I just came across this blog post on Big Questions Online, entitled “The Myth of Separate Magisteria” (http://www.bigquestionsonline.com/columns/susan-jacoby/the-myth-of-separate-magisteria).  The author, Susan Jacoby, provides a solid argument as to why the model of non-overlapping magisteria in the science and religion dialogue is invalid.  She is espousing this view seemingly in an attempt to promote Sam Harris’ relatively new book (The Moral Landscape: How Science Can Determine Human Values), in which he argues for a science of morality.

I would also note that she is plugging the model of conflict by saying that science can answer questions normally relegated to religion.  As we know and I’ve discussed before (https://scienceandtheology.wordpress.com/2010/10/15/the-limits-of-science-and-its-relationship-to-religion/), not only does Harris think science can provide answers to these types of questions, he thinks that they provide better answers.  I believe that he is correct in the former and incorrect in the latter.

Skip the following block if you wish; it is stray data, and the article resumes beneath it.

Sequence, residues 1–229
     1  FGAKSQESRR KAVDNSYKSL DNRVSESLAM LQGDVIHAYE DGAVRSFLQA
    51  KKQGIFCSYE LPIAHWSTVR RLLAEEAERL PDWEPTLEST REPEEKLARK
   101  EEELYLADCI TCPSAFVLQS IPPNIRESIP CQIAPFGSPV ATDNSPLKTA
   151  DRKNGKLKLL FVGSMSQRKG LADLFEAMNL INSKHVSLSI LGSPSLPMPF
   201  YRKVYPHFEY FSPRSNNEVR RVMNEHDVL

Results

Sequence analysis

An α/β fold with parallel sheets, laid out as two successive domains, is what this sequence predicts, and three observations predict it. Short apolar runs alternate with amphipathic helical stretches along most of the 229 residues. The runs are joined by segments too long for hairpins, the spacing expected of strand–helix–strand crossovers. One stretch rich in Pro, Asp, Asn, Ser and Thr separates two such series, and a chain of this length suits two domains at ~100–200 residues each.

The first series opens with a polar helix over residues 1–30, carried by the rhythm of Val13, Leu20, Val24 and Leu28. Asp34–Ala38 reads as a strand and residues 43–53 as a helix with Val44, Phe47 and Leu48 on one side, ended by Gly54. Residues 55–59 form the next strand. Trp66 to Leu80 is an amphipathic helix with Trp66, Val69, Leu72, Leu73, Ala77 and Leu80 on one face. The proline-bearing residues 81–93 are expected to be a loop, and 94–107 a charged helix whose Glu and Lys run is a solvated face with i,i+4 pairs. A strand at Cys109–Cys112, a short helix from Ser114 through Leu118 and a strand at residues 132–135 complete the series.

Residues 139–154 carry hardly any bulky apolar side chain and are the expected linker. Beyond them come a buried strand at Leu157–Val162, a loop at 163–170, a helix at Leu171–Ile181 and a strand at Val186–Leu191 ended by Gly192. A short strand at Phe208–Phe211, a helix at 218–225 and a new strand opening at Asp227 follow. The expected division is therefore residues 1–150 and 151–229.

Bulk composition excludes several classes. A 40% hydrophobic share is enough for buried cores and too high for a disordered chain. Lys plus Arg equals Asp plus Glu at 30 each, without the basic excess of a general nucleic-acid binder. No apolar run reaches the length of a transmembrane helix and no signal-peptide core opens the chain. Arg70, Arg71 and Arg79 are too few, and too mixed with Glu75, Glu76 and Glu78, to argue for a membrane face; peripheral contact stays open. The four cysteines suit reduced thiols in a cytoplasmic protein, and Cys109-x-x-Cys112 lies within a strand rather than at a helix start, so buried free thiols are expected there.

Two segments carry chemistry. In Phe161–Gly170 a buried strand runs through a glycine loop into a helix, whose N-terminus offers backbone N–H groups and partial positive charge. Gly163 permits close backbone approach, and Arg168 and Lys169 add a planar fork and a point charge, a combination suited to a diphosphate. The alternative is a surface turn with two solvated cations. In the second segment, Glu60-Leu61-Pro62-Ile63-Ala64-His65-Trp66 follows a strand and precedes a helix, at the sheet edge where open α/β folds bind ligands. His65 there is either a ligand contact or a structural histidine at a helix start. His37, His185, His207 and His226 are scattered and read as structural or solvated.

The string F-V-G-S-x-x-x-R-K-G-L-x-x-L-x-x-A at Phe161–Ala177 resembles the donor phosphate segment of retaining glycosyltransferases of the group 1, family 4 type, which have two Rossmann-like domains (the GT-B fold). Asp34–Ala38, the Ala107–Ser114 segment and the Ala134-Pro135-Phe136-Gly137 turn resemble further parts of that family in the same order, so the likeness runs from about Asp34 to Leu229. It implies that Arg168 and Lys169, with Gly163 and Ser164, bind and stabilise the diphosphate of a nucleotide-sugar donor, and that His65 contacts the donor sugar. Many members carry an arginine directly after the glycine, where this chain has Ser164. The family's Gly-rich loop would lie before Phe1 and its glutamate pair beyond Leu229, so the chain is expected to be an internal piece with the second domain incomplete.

Jacoby’s blog post again highlights to me the limited way in which the interaction of science and religion is presented in the media. We get either-or (conflict) or different domains (non-overlapping or separate magisteria) only.  I have written before about how there are alternate models for science and religion (https://scienceandtheology.wordpress.com/2010/11/11/science-and-religion-barbours-4-models/) and how I believe these models are, in fact, much better than the two mentioned in the Jacoby post.  It is becoming clearer to me by the day that the media needs to promote the potential for interaction and dialogue between science and religion.  And no, publishing essays that say that a person can be a Christian and believe in evolution is not good enough, at all.

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